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Well, for one thing, it's the coolest high school newspaper in all the land. Watch our video and find out more.
Just about everyone knows someone who has been bullied, in ways big and small. Understandably, though, many victims are reluctant to speak about their experiences. We found some who aren't.
BY WILLIAM HARVEY, King High
I’ve always been told by others to stop being such a kid. I believed in Santa Claus until middle school, and I’m not ashamed to say that I still drag out the tub of Legos every now and then. The one time I will jump on the “grow up” bandwagon, however, is when it comes to romantic relationships. Surely by now we’ve realized that the quick, perfect and happily-ever-after romances of Disney princes and princesses is a concept that does not apply to high school.
When I think of connecting in high school with a significant other, looking into the future I see only one possibility, a messy and horrific breakup. No matter how hard I try, the high school saw blade will sever any relationship I form. With the certain pitfalls and stresses of high school, I cannot see how anyone can expect to date a schoolmate, then marry and stay wedded into the years of arthritis, back pain and Depends.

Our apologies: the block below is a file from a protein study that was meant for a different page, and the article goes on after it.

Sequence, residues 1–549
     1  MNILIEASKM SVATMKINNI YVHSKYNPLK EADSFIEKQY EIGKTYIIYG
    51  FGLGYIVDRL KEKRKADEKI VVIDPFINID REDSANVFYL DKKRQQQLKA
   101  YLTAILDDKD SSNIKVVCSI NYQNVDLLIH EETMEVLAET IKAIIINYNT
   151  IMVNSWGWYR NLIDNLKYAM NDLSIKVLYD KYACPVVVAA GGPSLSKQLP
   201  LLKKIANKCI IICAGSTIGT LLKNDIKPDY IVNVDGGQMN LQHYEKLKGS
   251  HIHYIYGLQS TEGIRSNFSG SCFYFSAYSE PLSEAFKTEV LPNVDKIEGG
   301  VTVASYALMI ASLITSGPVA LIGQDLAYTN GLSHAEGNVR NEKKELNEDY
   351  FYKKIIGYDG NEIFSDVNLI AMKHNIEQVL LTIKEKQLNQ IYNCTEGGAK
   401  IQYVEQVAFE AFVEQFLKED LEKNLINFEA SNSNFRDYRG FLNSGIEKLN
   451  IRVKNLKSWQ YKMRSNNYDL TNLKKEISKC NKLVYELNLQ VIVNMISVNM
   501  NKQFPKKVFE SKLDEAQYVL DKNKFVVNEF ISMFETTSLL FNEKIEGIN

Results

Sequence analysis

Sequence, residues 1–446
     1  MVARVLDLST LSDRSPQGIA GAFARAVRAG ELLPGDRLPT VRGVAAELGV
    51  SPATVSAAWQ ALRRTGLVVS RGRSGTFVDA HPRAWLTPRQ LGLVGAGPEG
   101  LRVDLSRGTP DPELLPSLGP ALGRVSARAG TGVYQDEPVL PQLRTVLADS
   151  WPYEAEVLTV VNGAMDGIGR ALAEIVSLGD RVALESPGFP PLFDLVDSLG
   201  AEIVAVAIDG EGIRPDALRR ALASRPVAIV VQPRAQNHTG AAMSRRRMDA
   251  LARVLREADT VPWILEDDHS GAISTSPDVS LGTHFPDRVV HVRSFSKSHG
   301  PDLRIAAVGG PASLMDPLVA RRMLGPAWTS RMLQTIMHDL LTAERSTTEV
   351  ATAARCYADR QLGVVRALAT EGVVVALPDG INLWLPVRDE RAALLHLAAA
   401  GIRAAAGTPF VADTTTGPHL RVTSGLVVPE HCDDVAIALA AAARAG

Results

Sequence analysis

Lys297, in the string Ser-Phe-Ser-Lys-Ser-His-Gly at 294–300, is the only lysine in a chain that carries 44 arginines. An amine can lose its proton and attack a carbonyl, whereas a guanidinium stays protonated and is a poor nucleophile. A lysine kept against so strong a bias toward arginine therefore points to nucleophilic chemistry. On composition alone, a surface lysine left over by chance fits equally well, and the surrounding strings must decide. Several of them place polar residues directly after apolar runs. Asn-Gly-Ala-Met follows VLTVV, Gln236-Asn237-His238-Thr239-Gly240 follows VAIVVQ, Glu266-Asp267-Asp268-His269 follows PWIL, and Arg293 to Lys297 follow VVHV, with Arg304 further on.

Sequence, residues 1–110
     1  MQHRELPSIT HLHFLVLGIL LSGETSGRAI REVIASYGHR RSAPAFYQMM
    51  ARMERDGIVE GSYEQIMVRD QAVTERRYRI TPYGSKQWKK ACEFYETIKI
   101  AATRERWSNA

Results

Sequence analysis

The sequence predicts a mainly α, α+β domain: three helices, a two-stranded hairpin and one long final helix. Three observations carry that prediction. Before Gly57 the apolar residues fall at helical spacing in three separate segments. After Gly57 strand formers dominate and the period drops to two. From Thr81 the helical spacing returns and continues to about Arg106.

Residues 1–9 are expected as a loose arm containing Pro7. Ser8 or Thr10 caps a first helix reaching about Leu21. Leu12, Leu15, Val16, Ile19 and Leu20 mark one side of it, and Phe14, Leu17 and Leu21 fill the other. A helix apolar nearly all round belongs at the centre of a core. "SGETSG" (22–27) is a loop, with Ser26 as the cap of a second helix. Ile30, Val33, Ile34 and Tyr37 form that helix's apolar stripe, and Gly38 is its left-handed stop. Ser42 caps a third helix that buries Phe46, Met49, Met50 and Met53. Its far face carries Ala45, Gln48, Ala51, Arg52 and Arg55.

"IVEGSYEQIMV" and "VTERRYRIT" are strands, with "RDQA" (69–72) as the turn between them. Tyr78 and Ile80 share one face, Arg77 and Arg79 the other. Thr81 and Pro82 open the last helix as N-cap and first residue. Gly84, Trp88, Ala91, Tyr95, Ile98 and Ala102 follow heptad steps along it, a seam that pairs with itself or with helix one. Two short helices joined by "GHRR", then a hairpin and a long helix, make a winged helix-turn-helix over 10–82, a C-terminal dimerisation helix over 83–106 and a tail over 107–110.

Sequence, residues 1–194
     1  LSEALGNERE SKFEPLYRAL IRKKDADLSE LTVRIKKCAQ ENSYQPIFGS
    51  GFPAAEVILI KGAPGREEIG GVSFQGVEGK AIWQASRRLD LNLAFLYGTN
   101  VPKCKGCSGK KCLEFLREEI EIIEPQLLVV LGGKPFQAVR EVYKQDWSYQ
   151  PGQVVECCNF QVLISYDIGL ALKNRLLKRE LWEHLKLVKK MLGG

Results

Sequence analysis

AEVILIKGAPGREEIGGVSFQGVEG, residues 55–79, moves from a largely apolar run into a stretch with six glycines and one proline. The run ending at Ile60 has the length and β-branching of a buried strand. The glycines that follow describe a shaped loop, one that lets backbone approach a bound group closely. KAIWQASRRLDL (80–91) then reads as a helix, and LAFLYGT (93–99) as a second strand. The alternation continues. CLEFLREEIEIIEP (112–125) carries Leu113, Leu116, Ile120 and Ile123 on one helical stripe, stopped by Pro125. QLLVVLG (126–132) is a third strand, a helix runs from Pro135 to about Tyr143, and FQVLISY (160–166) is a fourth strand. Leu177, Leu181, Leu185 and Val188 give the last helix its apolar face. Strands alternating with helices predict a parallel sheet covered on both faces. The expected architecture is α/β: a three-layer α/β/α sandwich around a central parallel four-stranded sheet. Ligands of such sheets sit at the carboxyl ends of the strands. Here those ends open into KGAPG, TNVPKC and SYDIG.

Take schoolwork and tests, for instance. Exam season is the siren, beckoning couples in the high school tunnel of love onto the rocks of breakup as study stress and the accompanying lack of time and energy to devote to that special someone fuel the fire (the wrong kind). I pity any seniors passing out Valentine’s notes today, because four months from now (or earlier, depending on college-acceptance-letter fallout), they’re going to wish they’d never made that first eye contact with their loved one.
The high school bachelor life is prime with opportunity. No reason to shackle myself to anyone when I have some of the most carefree years ahead of me. I can go to football games with friends and avoid the third degree from my date’s overprotective parents, “Where are you going after the game? What time will you have my daughter back? What is your long-term plan for the future?”
For goodness’ sake, I’m 17, I don’t even know which college I’ll go to. I don’t have long-term plans, or I would be working on them instead of going out with your daughter.
And while a future spouse may disagree, the cost of dating can be disproportional for the guy. Taking that special someone to dinner will always be more pricey than taking my “special no one” and dining alone, or even a taking a friend who pays his or her own way. Sad and pitiful, you say? I see it as a chance to chose what I want to eat. No fear of bad breath, awkward tension when paying the bill, and the inability to leave without a round of sheepish banter over who loves whom more, promises to call later and then a debate about who will hang up first.
So on this Valentine’s Day, I challenge anyone celebrating Singles Awareness Day to ask yourself if the box of Chinese food on your lap is really as depressing or lonely as it seems, or if it’s actually an MSG-laden symbol of freedom.
I may march to the beat of different drummers, but those drummers are me, myself and I.